A silhouetted Singapore was safely locked in place at the back of my head. Even if I hadn’t allowed it to come out in full light yet, I felt it was the next step to take.
After trekking south through Thailand, and after two weeks spent in Kuala Lumpur, it was just the logical next destination. The meeting of a new friend changed all that. After discussing the possibilities of the beautiful Tioman Island in the east, we were soon on our way.
We got on the morning bus and made the six hour trip to Mersing, the little fishing town on the east coast of Malaysia. Effortlessly, we got our tickets to the last ferry for the day and so far everything went as smoothly as we could ever hope for.
When we got down to the harbor, the sea was of a sallow shade and it was almost difficult to determine what was water and what belonged to land. Everything was plain yellow. Out on the pier, the wind randomly blew up some strewn leaves in minuscule whirlwinds. It obviously wanted to make itself present.
The ferry was of medium sized nature and swallowed around 100 people before it closed its doors. As soon as we left the dock I knew it was gonna be a bumpy ride. The water started rolling and its shade of yellow gradually transformed into dark blue. People started twisting a little bit uneasy. The funny thing is that no one really knew how long the boat trip would take. Some people mentioned around one and a half hour, others said three.
Fortunately, I was seated next to the window and saw some islands distributed a bit further out the sea, and I was trying to guess which one it could be. My friend had told me it should look like a dragon resting in the ocean. I saw the contours of something reminiscent to a chameleon and hoped that was the one. The waves were rising higher and higher. There were many of us secretly praying that our destination was going to be among the visible islands in front of us. The ferry passed them all.
When the boat steamed ahead with full force out to the open ocean—it was like pulling up the plug from a bathtub, all hope wastefully going down the drain. I’ve never had any problems with either boats or being on water. I was brought up next to the sea. But these waves were clearly making me uncomfortable. Now we just had the unfathomably dark and endless ocean in front of us. People all over the boat started vomiting, which increased that uneasiness of a feeling I had. My mind began to tremble. Pulled by the unrelenting waves I was being led into a rocking cradle. For the first time ever, as far as my memory takes me; I started catching a real seasickness.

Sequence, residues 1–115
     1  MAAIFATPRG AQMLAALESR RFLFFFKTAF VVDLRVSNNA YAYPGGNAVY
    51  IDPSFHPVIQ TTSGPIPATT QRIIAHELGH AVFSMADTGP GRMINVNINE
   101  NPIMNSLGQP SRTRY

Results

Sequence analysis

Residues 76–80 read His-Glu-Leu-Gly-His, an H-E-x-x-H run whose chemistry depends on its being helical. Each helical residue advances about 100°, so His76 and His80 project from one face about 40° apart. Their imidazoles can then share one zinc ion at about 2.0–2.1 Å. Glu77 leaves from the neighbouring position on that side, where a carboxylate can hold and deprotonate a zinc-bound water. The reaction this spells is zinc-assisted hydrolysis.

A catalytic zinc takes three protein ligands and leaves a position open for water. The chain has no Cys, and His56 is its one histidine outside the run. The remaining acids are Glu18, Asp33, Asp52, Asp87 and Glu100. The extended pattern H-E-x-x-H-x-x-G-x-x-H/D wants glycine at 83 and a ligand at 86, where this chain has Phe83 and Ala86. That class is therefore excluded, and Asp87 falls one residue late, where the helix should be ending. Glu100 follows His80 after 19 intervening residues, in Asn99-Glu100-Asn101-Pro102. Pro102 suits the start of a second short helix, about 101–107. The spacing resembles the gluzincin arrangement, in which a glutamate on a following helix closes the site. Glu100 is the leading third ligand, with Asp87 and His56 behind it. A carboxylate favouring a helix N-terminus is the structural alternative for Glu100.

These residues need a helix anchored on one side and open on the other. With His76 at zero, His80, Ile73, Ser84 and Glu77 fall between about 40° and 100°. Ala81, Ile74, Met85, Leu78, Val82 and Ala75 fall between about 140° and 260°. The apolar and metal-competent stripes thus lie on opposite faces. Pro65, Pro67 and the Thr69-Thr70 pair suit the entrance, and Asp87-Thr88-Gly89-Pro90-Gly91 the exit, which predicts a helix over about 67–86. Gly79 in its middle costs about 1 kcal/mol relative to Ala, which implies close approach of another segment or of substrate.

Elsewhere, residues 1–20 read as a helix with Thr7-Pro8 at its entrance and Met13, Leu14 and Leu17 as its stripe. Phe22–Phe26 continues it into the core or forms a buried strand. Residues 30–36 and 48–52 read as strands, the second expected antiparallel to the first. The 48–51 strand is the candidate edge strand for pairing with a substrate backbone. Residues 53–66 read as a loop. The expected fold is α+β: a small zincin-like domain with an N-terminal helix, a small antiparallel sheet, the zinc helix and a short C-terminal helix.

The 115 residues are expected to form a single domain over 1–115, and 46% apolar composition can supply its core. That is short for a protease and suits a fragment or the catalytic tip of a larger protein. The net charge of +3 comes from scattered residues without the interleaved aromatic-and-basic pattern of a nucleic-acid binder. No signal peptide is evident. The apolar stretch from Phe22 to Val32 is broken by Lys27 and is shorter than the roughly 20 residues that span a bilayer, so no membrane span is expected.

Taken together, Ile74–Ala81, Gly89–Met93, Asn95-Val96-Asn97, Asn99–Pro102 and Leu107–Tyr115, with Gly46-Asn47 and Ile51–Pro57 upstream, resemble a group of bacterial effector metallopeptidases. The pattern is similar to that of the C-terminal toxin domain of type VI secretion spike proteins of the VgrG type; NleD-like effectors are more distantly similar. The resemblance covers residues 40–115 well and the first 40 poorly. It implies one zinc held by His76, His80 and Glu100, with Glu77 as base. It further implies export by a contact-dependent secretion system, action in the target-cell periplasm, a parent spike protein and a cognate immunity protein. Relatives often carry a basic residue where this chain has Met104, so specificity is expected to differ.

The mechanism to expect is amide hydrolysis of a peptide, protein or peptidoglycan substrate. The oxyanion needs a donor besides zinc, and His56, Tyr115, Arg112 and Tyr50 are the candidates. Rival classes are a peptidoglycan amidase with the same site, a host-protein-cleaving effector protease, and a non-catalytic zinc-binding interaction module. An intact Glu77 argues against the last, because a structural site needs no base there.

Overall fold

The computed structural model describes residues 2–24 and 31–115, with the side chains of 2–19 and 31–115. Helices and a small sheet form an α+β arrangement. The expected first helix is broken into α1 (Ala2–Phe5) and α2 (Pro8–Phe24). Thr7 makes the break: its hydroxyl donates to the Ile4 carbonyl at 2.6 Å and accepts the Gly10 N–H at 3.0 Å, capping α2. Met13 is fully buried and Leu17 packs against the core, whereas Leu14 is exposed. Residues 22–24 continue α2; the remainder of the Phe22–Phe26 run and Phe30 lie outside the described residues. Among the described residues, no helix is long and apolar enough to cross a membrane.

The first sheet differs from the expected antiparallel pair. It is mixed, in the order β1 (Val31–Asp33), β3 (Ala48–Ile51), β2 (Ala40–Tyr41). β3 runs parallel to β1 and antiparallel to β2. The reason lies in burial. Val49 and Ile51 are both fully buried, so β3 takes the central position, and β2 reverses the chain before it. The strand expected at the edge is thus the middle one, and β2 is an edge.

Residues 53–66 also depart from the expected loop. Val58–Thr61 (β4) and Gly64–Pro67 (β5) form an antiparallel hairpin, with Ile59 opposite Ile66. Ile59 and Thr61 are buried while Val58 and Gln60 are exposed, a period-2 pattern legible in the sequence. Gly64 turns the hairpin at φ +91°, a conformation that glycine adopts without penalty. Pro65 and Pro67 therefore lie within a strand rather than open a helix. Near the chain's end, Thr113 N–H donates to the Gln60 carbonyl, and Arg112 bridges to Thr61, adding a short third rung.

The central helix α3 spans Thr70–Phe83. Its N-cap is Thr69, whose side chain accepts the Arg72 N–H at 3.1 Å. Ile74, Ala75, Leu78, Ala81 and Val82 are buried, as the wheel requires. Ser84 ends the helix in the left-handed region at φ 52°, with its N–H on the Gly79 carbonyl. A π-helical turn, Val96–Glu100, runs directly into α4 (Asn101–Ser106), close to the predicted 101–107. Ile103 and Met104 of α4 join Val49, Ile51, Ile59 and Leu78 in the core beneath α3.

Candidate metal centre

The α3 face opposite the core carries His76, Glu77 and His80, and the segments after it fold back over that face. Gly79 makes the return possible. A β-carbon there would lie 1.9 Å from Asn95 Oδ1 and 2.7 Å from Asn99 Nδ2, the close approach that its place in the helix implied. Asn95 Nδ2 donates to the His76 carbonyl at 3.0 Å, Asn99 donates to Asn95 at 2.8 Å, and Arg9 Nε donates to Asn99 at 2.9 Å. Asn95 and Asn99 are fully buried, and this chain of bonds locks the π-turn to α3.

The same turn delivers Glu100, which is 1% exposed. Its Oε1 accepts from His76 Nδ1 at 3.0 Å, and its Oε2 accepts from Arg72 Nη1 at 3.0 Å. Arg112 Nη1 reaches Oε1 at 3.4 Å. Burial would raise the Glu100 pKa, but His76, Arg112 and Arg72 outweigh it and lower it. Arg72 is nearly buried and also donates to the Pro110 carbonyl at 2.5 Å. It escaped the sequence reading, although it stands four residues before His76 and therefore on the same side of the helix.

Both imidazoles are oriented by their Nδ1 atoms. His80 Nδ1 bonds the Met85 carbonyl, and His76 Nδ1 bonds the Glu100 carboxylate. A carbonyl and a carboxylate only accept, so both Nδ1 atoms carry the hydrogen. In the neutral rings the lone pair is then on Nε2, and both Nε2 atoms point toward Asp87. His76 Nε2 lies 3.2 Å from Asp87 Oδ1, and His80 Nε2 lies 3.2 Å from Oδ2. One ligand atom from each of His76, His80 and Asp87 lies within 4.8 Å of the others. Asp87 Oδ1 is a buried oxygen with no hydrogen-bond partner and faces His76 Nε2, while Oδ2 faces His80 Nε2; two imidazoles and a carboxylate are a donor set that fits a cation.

My head refused to accept what was about to happen but it was like my body didn’t respond. It had its own way of reasoning. Water was splashing ruthlessly over the windows and the only thing to see between the splashes was an empty horizon with ominous clouds floating on top. Nothing to hope for. I had no idea when we would get there, and I had no idea how much longer I could withstand my body’s wishes. It was a struggle against time.
We were climbing on the waves and for every peak reached; the bow of the ship dropped uncontrollably 2–3 meters. The sequence repeated itself perpetually. When there was nothing to hope for I had to create something. Something to hold on to. Out of sharp edges in the dark clouds I made outlines of land. Telling my mind to hold out for ten more minutes. In ten minutes we’re closer. In ten minutes there may be news. Just ten minutes. I could do that. Through the passing of time I was in yet another state, and that feeling alone was what kept me going. The variation between states. The knowledge that in a couple of minutes I may feel different, something unlike this, maybe a bit more relieved. My spirit clung to that as if my life depended on it.
My world became framed between the rims of the window. I payed attention to nothing but an undefined, distant point hanging in the air. Focusing on it was all that mattered. The rest of me just faded away and seemed to not belong. All the while, the waves just kept rolling and flushing foam over the windows. After what must have been an eternity, my made-up outlines outside the window turned into a stable mass of land. It was like my body jumped from the seat. Oh, the sight of land!
I quickly got back to focus though, we were still far away from shore and the heavy introduction of rain outside didn’t help. I knew we had in mind to get off at the fourth stop but I didn’t see that happen anymore. When the boat moored to the dock, I was half crawling my way out to fresh air. My friend asked me if I was able to do another stop. There was nothing at this beach but highly expensive resorts. Getting back on the boat in that moment, in the state I was in, as a complete and wasted wreck, drained of energy and sense, was one of the craziest things I’ve ever done. I had the chance to get off, to leave my dreadful condition once and for all. Still, I made it back on the ship and was able to do two more stops before we got off at a place where we could easily find cheaper accommodation.
Two and a half hour since we first got on the boat, I was wobbling my way off the dock and noticed the strange sensation of revivifying energy finding its way back to me. I couldn’t help but to feel a tiny bit proud over had been able to conquer my awful state and make it the whole way through, and as those thoughts ran through my head, we were slowly entering the gates to a new and undiscovered island.